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Is Your Birth Control Making You Gain Weight?

Thursday, November 1st, 2012

All medications have side effects. From Advil to Zantac, every medication we need for common ailments might have a drawback. For women, birth control can be a bittersweet prescription. On the one hand, women who take it will be protected from pregnancy. However, those same women might experience some unwanted side effects such as moodiness, fatigue and a change in their sex drives. One of the major concerns about birth control—especially for women in the United States—is the potential for weight gain as a side effect. We all try to maintain a healthy weight, so adding birth control into the mix of challenges can be disheartening. Luckily, recent studies show that weight gain might not actually be a side effect of modern birth control.

Every birth control is different, but they are all combinations of the same hormones. They either contain progestin and estrogen, or progestin on its own. However, the levels of each are low, and they have no real effect on weight gain or weight loss. So, why do women think birth control causes weight gain? Many brands list this as a side effect to cover themselves, but the notion started in the 1960’s when birth control became available. The pills back then contained almost 1,000 times the amount needed to prevent pregnancy, so side effects ran rampant.

The hormones themselves might not cause weight gain anymore, but that’s not to say the weight you gain while taking a contraceptive isn’t related to the pill, ring, or patch. Birth control has many other, real side effects that could easily affect your weight. For example, the hormones might cause changes in your mood, which could leave you feeling down in the dumps more than usual. If you’re like most women, you might eat when you’re sad, so weight gain will be inevitable in that scenario. More bad days will lead to more overeating, which will lead to weight gain. You might feel (and act) like a bottomless pit at every meal. Most pills also cause water retention in one form or another, so you might feel especially bloated.

If you notice significant weight gain and feel that it’s related to your birth control, talk to your doctor about switching brands. The hormones alone do not do it, so there’s a good chance your side effects are especially strong. Different brands affect people differently, so try your luck with another.

– Yvonne S. Thornton, M. D., M. P. H.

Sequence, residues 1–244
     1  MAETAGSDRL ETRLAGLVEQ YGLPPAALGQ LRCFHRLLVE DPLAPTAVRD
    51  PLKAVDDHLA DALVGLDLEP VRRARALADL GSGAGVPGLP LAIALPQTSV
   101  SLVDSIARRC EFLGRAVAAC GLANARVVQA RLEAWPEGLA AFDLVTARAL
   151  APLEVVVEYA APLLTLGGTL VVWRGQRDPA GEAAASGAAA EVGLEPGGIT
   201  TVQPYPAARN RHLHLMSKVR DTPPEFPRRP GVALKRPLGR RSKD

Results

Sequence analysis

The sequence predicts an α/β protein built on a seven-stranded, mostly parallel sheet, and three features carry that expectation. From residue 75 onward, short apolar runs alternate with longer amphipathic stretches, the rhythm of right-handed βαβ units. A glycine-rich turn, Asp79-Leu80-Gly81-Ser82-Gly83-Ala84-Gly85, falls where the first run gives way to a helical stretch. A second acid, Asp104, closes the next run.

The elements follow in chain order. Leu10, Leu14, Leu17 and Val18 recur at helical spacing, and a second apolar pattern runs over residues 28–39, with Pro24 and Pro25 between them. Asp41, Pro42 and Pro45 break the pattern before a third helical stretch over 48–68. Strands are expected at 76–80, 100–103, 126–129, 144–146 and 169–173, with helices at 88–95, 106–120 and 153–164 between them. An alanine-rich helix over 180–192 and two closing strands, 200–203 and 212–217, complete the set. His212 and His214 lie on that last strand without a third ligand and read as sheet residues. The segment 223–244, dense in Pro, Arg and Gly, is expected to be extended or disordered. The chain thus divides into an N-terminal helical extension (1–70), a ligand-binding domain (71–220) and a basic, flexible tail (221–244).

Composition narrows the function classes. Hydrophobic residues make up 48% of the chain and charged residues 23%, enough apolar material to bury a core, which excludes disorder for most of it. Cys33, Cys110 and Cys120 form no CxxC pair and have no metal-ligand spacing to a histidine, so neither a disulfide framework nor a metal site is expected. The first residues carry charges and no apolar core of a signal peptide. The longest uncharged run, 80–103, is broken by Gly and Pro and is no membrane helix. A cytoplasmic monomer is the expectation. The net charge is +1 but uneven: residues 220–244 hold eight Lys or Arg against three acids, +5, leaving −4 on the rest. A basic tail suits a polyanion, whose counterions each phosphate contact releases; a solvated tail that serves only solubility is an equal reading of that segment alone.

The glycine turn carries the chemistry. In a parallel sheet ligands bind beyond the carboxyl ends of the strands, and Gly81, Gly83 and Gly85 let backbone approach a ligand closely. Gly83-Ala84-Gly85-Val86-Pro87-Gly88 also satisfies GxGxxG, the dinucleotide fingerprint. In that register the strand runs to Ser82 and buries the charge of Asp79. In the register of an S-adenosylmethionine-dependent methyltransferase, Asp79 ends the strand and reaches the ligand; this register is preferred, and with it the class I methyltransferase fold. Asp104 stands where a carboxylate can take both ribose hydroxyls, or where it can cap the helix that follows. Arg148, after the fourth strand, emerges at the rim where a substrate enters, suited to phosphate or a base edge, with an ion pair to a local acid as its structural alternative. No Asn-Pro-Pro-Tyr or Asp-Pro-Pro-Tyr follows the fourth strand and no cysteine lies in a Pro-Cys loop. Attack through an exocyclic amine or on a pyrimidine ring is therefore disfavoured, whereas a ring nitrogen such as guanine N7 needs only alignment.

Free Birth Control For All? Yes!

Friday, July 22nd, 2011

When you’re on a strict budget, out-of-pocket costs can convince a woman to forego birth control. But getting pregnant is a much more expensive proposition and comes with a lifelong commitment — one that many women are neither emotionally or financially ready to make.

The new health care law requires the Department of Health and Human Services to create a list of health services that new health insurance plans must provide without deductibles or co-pays. And the National Academy of Sciences’ Institute of Medicine (IOM) has prepared a report recommending that birth control be on that list.

…the Guttmacher Institute estimates that 98 percent of sexually active women will use contraception at some point during their reproductive years, and that cost concerns are frequently cited as a reason for inconsistent use or use of a less then optimal method.


In fact, Guttmacher said in testimony submitted to the IoM earlier this year, “Women citing cost concerns were twice as likely as other women to rely on condoms or less effective methods like withdrawal or periodic abstinence.”

Along with the recommendations concerning birth control, the IOM recommended a number of other preventive care services for women be made available without deductibles or co-pays:

…annual “well-woman” visits; screening of pregnant women for gestational diabetes; screening for sexually transmitted diseases, including HIV; more support for breast-feeding mothers; and counseling and screening for possible domestic violence.

I urge HHS Secretary Sibelius to accept the IOM recommendations. Women’s health issues have taken a backseat for too long.

– Yvonne S. Thornton, MD, MPH